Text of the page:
A serial killer in London is murdering young women whom he meets through the personal columns of newspapers; he announces each of his murders to the police by sending them a cryptic poem. ... See full summary »
A serial killer in London is murdering young women whom he meets through the personal columns of newspapers; he announces each of his murders to the police by sending them a cryptic poem. After a dancer disappears, the police enlist an American friend of hers, Sandra Carpenter, to answer advertisements in the personal columns and so lure the killer. Written by
David Levene <D.S.Levene@durham.ac.uk>
The title was changed to "Personal Column" midway through the original U.S. theatrical release because staff at the Production Code Administration thought the word "lured" sounded too much like "lurid". Director Douglas Sirk felt the title change confused potential audiences and led to the film's box-office failure. See more »
When Sandra goes to visit Julian towards the end of the movie, they have a conversation, and when Julian says, "That's why he chose death," you can see that Sandra is saying something we don't hear. See more »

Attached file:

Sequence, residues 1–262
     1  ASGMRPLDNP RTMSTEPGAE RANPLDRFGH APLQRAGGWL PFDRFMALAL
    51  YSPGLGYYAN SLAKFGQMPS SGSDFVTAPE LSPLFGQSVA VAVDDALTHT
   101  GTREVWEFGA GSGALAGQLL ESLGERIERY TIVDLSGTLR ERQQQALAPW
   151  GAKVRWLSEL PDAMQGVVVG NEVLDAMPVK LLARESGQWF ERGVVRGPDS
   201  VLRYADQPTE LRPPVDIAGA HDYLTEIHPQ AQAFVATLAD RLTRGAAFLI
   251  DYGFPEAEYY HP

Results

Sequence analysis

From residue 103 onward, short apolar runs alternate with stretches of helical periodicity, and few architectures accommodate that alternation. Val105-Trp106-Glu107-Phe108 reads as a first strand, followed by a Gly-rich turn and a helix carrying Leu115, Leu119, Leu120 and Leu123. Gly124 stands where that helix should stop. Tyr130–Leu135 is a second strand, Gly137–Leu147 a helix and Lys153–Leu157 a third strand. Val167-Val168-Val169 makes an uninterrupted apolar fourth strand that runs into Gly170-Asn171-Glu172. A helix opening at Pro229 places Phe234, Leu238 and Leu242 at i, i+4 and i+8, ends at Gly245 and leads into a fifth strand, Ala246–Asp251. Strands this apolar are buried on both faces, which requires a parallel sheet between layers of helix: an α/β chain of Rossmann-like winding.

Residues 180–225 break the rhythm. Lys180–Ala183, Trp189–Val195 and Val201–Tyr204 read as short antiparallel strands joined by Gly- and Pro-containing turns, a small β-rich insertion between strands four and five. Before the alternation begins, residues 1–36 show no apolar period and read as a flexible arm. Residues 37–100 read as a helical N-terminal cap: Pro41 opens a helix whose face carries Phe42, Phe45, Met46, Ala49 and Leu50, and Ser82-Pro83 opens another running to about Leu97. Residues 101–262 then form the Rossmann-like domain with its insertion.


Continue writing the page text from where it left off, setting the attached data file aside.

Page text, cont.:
Opening credits - a flashlight pans along the side of a building, and the credits are written on the side of the wall. See more »
LURED starts out promisingly with Scotland Yard on the trail of a serial killer and enlisting a friend of the latest victim (LUCILLE BALL) to help them solve the crime. CHARLES COBURN is the police inspector who sends Lucille on a dangerous mission to trap a killer. GEORGE SANDERS, in one of his more colorless roles, is the man with romantic designs on Ball the minute he has a phone conversation with her when she applies for a showgirl job opening.
Sanders without witty dialog plays his straight role in a rather bored fashion, but there's some colorful work by ALAN MOBRAY, SIR CEDRIC HARDWICKE, GEORGE ZUCCO, ROBERT COOTE and ALAN NAPIER.
Best of all is BORIS KARLOFF in an offbeat role as a mad dress designer who gets the chance to chew all the scenery in sight and then some.
But somewhere towards the middle, the story loses steam and whatever dramatic tension was built up in the earlier scenes. Still, it manages to hold the interest with several red herrings tossed in the mix to throw off suspicion. However, any true mystery fan ought to be able to guess the murderer from the start.
Best when it's going along at a brisk pace, but it does slow down to a trot toward the end. Lucille Ball does well in a dramatic role (delivered with some typical light touches) and all in all it manages to entertain despite some flaws.
Douglas Sirk, noted more for his Technicolored melodramas in the '50s, does a nice job of direction.
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